Auden wrote “Voltaire at Ferney” during what he described as the third period in his career, which covered the years between 1939 and 1946. During this time, Auden underwent profound changes in his religious and intellectual perspectives. After an earlier visit to Spain during its civil war, he became disillusioned with the political Left and began his return to the Anglican faith. In 1939 he settled in New York City and eventually became an American citizen. His works from this time often raise questions concerning the nature of existence, thereby suggesting his reaffirmation of Christianity. They also contain lighter and more romantic verses, some of which lack the unusual style and vigor of his best earlier works.
In one sense the poem is autobiographical. Auden, like Voltaire, had wandered from one country to another and had finally settled down in a distant part of the world. Both men had made personal and intellectual mistakes in their lives. Both had matured and retreated from the more radical ideas of their respective youths. However, maturity did not mean that they had abandoned their most cherished beliefs. Now, both men must gear up for the most important struggles of their lives. Both will use their talents of the pen to further their causes. Many of Auden’s poems from this time express strong antiwar sentiments.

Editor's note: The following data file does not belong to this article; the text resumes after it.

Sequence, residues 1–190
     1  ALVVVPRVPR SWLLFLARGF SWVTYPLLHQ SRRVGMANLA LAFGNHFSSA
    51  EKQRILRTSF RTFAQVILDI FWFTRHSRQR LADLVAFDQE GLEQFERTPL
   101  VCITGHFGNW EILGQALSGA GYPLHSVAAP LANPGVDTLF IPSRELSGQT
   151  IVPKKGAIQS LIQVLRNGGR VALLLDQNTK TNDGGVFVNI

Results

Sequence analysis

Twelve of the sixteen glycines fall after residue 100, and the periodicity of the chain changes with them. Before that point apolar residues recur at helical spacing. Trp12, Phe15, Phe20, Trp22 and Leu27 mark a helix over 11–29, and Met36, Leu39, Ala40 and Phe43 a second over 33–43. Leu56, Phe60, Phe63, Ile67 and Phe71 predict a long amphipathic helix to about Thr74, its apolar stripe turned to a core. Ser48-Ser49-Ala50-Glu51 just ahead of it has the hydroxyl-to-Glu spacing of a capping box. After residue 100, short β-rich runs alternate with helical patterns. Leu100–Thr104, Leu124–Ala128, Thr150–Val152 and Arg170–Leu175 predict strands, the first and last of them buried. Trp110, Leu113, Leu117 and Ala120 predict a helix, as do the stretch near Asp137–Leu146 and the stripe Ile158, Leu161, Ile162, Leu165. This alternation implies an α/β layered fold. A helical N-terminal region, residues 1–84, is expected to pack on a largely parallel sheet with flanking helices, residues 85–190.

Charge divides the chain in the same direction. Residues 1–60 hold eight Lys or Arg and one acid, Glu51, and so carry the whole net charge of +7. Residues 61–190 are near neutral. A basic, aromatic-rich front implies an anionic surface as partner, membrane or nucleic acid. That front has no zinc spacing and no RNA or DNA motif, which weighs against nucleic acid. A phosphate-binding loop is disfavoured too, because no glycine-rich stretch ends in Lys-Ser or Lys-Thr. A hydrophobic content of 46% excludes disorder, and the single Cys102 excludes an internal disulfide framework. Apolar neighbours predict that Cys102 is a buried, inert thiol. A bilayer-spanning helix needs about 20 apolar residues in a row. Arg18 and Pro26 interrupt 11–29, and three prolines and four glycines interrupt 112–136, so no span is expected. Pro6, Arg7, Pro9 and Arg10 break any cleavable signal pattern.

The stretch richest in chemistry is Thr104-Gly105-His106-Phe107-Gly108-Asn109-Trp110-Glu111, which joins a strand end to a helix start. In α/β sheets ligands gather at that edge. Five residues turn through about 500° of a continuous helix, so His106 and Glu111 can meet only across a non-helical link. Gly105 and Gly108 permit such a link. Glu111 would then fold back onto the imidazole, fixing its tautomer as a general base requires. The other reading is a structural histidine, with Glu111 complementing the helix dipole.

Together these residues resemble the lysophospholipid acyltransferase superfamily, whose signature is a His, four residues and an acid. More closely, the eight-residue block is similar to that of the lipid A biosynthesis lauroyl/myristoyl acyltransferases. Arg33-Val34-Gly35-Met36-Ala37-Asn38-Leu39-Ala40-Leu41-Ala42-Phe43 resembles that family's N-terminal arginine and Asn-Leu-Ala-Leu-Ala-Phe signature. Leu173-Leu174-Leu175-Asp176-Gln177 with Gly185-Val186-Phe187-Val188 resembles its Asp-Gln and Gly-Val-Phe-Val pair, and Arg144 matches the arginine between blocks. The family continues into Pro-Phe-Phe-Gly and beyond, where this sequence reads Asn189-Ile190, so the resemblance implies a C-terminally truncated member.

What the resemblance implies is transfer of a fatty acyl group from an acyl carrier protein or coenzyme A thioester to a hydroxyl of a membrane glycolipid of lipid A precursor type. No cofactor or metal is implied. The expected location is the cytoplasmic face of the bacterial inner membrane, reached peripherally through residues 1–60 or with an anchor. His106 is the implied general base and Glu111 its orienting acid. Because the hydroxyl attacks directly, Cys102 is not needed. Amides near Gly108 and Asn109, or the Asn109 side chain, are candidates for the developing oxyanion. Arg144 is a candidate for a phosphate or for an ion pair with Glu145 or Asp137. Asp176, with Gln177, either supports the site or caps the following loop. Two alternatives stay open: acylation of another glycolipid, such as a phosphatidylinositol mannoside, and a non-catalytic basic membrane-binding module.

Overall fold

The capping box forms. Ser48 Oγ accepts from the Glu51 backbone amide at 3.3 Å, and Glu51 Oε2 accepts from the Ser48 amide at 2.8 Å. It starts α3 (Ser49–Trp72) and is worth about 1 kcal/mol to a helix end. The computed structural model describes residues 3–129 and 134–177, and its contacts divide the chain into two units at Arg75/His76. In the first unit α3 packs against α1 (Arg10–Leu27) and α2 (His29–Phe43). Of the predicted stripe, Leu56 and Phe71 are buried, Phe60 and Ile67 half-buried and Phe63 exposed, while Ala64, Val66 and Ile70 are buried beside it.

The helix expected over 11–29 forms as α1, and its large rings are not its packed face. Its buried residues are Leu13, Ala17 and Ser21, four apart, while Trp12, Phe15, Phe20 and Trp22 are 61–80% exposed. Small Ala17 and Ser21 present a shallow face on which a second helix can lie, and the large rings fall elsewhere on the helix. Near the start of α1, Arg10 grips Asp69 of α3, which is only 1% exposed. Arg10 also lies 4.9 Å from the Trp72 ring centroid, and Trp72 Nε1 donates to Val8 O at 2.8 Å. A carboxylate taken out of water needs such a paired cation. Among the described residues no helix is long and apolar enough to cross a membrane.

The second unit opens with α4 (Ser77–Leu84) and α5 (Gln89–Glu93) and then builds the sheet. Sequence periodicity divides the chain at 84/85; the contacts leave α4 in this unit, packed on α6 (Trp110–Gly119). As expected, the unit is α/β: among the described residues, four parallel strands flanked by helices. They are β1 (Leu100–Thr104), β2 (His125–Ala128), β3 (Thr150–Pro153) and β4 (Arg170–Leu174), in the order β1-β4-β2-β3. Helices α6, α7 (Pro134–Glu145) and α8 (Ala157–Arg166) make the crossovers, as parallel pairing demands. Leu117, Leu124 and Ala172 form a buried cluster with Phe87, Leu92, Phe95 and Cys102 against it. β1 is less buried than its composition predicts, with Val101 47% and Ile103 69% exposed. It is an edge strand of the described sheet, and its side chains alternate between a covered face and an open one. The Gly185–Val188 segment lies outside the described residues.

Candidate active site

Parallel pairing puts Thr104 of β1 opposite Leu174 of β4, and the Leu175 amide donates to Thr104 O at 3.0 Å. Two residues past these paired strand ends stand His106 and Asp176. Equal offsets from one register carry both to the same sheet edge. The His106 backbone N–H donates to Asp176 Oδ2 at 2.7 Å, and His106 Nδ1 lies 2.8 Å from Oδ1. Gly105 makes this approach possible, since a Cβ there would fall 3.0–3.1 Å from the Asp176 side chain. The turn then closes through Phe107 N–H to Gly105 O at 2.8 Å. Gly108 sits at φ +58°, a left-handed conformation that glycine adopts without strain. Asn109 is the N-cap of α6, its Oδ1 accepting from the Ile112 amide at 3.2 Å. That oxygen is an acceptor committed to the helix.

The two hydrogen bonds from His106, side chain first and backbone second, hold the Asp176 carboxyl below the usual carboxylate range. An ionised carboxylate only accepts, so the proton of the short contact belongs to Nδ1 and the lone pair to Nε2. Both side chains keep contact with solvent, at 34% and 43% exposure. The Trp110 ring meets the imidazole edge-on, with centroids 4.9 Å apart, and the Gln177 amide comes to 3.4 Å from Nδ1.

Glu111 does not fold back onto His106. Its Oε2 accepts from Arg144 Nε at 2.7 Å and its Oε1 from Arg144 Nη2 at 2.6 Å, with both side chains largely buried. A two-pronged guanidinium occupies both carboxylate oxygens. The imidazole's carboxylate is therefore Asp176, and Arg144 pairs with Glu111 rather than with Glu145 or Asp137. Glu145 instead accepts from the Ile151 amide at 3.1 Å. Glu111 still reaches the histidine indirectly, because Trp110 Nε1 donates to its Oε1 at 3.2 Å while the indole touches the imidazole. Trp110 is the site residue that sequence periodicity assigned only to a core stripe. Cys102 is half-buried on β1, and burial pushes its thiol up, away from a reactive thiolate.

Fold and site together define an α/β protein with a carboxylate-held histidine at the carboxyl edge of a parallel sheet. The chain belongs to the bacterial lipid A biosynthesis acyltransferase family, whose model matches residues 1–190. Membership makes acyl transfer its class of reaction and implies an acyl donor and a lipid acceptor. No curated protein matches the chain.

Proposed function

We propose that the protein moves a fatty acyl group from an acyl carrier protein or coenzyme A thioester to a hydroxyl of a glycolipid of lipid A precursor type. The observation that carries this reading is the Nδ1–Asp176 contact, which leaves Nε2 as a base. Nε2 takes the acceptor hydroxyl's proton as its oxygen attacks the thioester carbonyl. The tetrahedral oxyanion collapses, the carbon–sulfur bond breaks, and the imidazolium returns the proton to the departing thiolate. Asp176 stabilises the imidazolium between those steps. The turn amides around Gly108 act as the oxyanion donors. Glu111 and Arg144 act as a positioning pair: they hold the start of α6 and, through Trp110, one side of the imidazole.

The parallels between the situation in Europe before the French Revolution and the outbreak of World War II are...
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